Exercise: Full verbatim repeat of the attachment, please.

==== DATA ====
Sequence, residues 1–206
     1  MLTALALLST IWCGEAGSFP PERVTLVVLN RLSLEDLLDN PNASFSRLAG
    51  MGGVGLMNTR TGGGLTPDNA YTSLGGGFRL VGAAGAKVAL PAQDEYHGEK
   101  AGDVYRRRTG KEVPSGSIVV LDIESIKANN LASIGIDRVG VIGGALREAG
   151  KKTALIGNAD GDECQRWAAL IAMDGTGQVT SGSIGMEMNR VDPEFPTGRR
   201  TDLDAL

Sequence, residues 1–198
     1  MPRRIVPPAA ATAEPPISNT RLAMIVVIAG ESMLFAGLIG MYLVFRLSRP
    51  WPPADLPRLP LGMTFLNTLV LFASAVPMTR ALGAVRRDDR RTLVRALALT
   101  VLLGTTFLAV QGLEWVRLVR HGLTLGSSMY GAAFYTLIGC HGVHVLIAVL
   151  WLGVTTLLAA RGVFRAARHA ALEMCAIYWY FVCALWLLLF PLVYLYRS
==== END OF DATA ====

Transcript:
Sequence, residues 1–206
     1  MLTALALLST IWCGEAGSFP PERVTLVVLN RLSLEDLLDN PNASFSRLAG
    51  MGGVGLMNTR TGGGLTPDNA YTSLGGGFRL VGAAGAKVAL PAQDEYHGEK
   101  AGDVYRRRTG KEVPSGSIVV LDIESIKANN LASIGIDRVG VIGGALREAG
   151  KKTALIGNAD GDECQRWAAL IAMDGTGQVT SGSIGMEMNR VDPEFPTGRR
   201  TDLDAL

Sequence, residues 1–198
     1  MPRRIVPPAA ATAEPPISNT RLAMIVVIAG ESMLFAGLIG MYLVFRLSRP
    51  WPPADLPRLP LGMTFLNTLV LFASAVPMTR ALGAVRRDDR RTLVRALALT
   101  VLLGTTFLAV QGLEWVRLVR HGLTLGSSMY GAAFYTLIGC HGVHVLIAVL
   151  WLGVTTLLAA RGVFRAARHA ALEMCAIYWY FVCALWLLLF PLVYLYRS